Argentina is reporting over 7,000 coronavirus cases a day. The death toll is at just over 5,000 but growing daily. Latin America, full of structural problems, is being hit hard by the pandemic.
At press time, President Alberto Fernández was discussing extending the lockdown in the Buenos Aires metropolitan area (AMBA) again with City Mayor Horacio Rodríguez Larreta, a key member of the centre-right opposition and the provincial Governor Axel Kicillof, a progressive ally of the national government.
Fernández is not entirely satisfied with the situation. The president has even implied that he is willing to hit the “red button” and slap stricter quarantine rules back on if things get worse. Yet he has also quipped that the complaints about the lockdown are absurd, because effectively “everybody goes out” (even though his government has banned social gathering by decree).
It's difficult for a government to gain any kind of momentum during a pandemic. But Argentina's recent announcement on August 4 that it had reached a debt restructuring agreement with bondholders that had the right to sue the republic in US courts is giving the government, especially Economy Minister Martin Guzmán, something to work with. The next step is Argentina's pending payments to the International Monetary Fund (IMF), which injected US$44 billion dollars into the country during the mandate of centre-right president Mauricio Macri (2015-2019).
Guzmán has anticipated that the negotiations with the Fund, now under a new leadership, will take months. Dragging out the talks to reschedule payments could suit Argentina, with the US presidential elections, scheduled for November, looming. Some observers believe that the IMF's unprecedented massive loan to Macri was the work of US President Donald Trump's lobbying in favour of his old real-estate business chum. A Trump administration official all but acknowledged that in public recently.
The challenge for Guzmán is that negotiations with the IMF will involve discussions about Argentina's fiscal deficit. The Fund will want to know what Argentina plans to do about it. The minister does not want to show off that awkward card, at least not yet.
Guzmán has said recipes of extreme belt-tightening and austerity measures will not be accepted if that means subjecting the population to more misery. But the IMF will want to have some say about future policies if it is to reschedule payments. Guzmán's clout has increased since the agreement was announced on August 4. Still other economists, including Deputy Cabinet Chief Cecilia Todesca Bocco, are also floating economic policies. The government, after the debt deal, has the initiative. Juntos por el Cambio, the opposition coalition, is uncomfortable arguing about economic and debt matters given that Macri lost the elections last year in the middle of a recession.
So instead, the opposition is directing its criticism towards other matters. Lawmaker Mario Negri has accused the government of “falling in love” with the lockdown. He and others have also urged the president to scrap its bill to reform the justice system, claiming the move is designed specifically to spare Vice-President Cristina Fernández de Kirchner from corruption cases pending in court. The ruling left-leaning Peronist coalition controls the Senate, but the fight will be tighter in the lower house Chamber of Deputies, where Frente de Todos will need the backing of allies for the justice reform bill to be approved.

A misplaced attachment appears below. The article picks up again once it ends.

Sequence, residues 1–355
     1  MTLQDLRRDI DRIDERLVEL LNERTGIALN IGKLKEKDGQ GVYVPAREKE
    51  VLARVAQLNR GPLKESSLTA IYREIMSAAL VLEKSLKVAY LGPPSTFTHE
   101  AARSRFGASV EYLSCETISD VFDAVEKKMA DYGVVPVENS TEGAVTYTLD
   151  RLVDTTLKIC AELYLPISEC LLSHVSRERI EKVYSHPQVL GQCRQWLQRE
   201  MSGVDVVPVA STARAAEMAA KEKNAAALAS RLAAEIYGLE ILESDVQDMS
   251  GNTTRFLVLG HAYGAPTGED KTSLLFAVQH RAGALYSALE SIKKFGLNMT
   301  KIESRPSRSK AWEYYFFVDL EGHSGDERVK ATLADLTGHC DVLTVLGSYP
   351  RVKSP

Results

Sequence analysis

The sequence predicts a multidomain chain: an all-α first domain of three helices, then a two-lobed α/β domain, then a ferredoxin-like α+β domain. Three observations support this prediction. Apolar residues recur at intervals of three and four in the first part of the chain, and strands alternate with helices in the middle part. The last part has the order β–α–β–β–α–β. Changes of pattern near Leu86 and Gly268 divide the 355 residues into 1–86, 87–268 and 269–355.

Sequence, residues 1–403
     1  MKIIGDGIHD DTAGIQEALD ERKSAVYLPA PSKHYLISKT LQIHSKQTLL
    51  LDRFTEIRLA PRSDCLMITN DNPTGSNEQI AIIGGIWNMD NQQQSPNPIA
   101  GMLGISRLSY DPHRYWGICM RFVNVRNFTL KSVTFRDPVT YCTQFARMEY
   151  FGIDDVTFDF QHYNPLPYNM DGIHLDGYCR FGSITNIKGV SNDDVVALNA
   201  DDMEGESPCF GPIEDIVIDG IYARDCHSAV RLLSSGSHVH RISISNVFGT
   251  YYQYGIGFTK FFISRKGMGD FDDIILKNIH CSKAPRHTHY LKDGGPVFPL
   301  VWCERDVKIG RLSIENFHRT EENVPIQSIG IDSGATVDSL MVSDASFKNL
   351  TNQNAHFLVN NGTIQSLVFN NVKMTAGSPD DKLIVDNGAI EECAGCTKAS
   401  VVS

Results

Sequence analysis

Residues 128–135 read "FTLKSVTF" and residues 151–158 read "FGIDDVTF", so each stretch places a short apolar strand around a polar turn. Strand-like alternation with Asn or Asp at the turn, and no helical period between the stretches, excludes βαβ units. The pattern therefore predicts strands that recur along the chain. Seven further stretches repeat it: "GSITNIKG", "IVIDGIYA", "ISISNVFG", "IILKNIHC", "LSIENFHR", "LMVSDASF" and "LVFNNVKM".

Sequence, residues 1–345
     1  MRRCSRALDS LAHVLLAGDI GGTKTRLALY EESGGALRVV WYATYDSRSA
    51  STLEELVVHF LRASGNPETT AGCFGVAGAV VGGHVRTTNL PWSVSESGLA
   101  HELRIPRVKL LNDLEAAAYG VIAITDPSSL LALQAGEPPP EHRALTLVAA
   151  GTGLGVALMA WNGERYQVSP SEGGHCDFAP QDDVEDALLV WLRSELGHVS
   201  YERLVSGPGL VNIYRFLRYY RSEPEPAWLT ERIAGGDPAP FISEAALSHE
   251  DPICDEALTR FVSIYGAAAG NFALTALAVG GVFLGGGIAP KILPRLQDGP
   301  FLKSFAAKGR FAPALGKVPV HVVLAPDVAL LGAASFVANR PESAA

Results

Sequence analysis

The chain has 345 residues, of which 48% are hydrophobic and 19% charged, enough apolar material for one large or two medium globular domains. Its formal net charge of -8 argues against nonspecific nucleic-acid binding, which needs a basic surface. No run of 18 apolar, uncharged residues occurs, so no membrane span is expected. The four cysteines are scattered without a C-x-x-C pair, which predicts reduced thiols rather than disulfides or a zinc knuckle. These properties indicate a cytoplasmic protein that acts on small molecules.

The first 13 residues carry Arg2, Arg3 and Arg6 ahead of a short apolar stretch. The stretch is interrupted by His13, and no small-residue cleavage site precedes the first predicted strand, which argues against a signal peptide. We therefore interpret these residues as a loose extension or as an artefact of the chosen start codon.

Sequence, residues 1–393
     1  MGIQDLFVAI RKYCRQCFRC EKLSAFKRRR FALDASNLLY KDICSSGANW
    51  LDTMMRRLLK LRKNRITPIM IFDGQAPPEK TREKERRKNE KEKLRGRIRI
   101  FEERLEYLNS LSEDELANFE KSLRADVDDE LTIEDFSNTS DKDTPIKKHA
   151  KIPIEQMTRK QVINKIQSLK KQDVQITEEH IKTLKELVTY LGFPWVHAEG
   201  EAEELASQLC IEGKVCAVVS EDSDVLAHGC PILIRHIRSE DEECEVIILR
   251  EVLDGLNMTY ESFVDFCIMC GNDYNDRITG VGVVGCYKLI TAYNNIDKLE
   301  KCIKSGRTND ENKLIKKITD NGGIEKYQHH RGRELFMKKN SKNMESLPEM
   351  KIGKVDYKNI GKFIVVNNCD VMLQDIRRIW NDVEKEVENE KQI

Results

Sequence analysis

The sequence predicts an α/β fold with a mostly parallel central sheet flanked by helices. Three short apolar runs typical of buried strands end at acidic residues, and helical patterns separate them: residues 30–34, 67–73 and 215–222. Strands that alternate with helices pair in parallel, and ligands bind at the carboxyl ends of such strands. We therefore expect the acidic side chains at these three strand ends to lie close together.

The ruling coalition is still yet to score a major victory in Congress. A wealth tax bill has not moved. The abortion bill has been postponed. The president also recently scrapped a bill to nationalise the debt-saddled soy crusher Vicentin, which was fiercely opposed by the farming sector and triggered angry street demonstrations.
What will happen to the agro-giant now that the state has pulled out? Sergio Nardelli, the firm’s 59 year-old boss, died of a massive heart attack on Wednesday night. Vicentin was a major contributor to Macri's campaign and during the Cambiemos leader’s presidency, state-run Banco Nación and others granted Nardelli huge loans that his company could not pay back due to the constant devaluation of the peso.
Macri's leadership of the centre-right opposition is now in doubt too. The former president recently flew to Paris with his family and will spend time in Europe, sparking criticism. Rodríguez Larreta, who has displayed bipartisan civility during the pandemic, tops public opinion polls. Yet Macri still has his hardcore supporters and the agitation will continue. Another anti-government protest has been called for August 17.
There are further signs, however, that the Fernandez administration is regaining the initiative. The president on Wednesday announced that Argentina and Mexico had signed an agreement with the UK-based pharmaceutical company AstraZeneca and the biotechnology company mAbxience (an arm of INSUD Pharma) to manufacture its Covid-19 vaccine for Latin America (except Brazil).
The agreement involves financing from the foundation of Mexican billionaire Carlos Slim. It includes the transfer of technology to initially produce 150 million doses of the vaccine, Reuters reported. The president said the agreement means that Argentina could have access to a low-cost vaccine as soon as it is ready, possibly early next year (Phase III studies and regulatory approvals are pending).
There is a lot of ideological arguing now raging about this deal. It is a story that is difficult to utter in one breath: a private British company that is developing a vaccine with Oxford University, two populist Latin American governments (Argentina and Mexico), an Argentine doctor who has amassed a fortune since establishing Insud Pharma with his wife in 1977 and a Mexican billionaire ready to bankroll the non-profit venture, potentially at a loss.
You try arguing with that.